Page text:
Study predicts increased floods in India in 2030s
Large parts of India are likely to experience a 10- to 30-per-cent increase in flooding in the 2030s because of climate change, the government said Tuesday.
The study, released by the Ministry of Environment and Forests, assessed the impact of climate change on agriculture, water, health, and natural ecosystems and biodiversity in climate-sensitive regions in the country.
Overall warming along with the increased flooding and heightened drought in the Himalayan region were likely to impact crop yields and livestock, the report said.
"There is no country in the world that is as vulnerable on so many dimensions to climate change as India," Minister for Environment Jairam Ramesh said when releasing the report.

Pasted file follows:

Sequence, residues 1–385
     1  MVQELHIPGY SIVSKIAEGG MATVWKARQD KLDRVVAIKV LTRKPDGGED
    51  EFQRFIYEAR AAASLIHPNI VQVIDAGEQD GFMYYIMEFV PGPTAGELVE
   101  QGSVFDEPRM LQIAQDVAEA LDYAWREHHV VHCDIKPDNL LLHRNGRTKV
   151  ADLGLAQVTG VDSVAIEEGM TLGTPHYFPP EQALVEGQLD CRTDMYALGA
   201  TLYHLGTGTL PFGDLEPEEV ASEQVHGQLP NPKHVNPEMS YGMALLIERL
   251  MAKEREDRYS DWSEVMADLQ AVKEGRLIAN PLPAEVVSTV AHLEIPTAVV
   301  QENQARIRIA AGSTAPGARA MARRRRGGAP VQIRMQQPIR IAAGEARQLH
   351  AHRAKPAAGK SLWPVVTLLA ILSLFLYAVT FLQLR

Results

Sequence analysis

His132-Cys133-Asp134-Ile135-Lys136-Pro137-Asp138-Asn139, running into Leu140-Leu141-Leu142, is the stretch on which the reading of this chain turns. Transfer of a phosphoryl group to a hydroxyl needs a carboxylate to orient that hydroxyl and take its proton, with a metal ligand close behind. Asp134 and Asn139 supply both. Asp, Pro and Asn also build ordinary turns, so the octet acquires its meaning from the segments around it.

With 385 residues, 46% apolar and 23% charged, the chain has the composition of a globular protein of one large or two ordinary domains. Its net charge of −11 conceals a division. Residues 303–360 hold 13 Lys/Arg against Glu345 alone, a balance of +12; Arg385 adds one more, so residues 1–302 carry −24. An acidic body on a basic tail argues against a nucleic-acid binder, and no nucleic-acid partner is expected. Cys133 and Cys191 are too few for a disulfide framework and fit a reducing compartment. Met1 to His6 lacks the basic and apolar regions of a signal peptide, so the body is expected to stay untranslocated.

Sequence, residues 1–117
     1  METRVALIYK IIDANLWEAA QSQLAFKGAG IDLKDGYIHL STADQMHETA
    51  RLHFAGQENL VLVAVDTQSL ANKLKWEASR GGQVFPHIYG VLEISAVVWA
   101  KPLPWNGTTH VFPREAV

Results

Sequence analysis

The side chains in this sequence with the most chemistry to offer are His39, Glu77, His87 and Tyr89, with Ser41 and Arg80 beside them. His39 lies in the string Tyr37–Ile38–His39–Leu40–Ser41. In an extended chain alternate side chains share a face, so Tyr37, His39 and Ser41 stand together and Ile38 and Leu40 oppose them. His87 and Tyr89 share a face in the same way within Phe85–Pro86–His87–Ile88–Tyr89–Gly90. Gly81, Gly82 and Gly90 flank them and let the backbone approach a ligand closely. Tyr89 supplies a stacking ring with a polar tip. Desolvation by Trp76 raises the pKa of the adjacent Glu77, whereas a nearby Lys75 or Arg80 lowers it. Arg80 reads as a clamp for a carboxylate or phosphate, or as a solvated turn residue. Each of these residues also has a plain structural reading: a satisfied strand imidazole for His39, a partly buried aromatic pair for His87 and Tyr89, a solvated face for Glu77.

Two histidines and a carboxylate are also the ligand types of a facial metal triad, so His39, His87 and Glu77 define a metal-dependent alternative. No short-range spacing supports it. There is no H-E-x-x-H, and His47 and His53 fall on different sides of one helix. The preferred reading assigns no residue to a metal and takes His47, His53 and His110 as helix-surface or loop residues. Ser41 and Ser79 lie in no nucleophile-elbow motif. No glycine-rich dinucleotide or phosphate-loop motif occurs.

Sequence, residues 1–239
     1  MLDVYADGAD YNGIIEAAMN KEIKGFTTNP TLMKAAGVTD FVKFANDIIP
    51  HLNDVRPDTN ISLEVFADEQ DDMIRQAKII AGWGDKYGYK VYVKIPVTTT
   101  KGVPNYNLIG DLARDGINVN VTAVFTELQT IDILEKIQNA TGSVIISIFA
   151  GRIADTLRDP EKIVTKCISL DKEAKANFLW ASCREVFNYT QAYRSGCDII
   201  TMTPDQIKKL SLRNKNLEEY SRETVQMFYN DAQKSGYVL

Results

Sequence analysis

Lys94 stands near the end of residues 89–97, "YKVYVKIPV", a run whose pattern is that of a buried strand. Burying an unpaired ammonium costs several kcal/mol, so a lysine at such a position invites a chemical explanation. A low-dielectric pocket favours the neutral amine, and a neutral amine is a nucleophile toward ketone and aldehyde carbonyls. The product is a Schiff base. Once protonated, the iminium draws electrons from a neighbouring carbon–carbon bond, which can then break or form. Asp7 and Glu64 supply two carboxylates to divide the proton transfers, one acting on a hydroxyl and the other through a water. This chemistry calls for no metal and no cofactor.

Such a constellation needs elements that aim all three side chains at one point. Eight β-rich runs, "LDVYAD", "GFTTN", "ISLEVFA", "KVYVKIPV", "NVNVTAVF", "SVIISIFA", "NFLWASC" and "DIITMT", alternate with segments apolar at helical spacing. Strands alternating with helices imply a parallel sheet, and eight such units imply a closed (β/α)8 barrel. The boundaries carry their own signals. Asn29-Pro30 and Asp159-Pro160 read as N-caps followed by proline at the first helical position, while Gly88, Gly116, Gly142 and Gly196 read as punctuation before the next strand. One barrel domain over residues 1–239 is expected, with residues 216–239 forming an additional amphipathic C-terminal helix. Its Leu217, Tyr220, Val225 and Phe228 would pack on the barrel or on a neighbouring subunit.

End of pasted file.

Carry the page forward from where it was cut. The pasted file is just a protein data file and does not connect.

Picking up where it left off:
All four regions considered - the Himalayan region, the Western Ghats, the coastal belts and the north-east region - were expected to see rainfall increase by five to 10 days compared with the 1970s, the report said.
While rice yields in these regions were expected to rise marginally, other crops like maize and sorghum were expected to have reduced yields, the report said.
Increased warming ranging from 1.7 to 2.2 degrees Celsius, especially in summer, was expected to affect livestock and reduce milk production, the report added.
While moderate to extreme drought was predicted in the Himalayan region, all other regions were likely to see floods increase by 10 to 30 per cent, which would hurt infrastructure such as dams, bridges and roads, it said.
The Indian Network for Climate Change Assessment brought together more than 220 scientists across the country for the report, an environment ministry release said.
The network also published a report in May on India's greenhouse-gas emissions.
It was imperative for a country like India to have sound, evidence-based assessments on the impact of climate change, Ramesh said.
He said the study was the first comprehensive, long-term assessment made for the 2030s.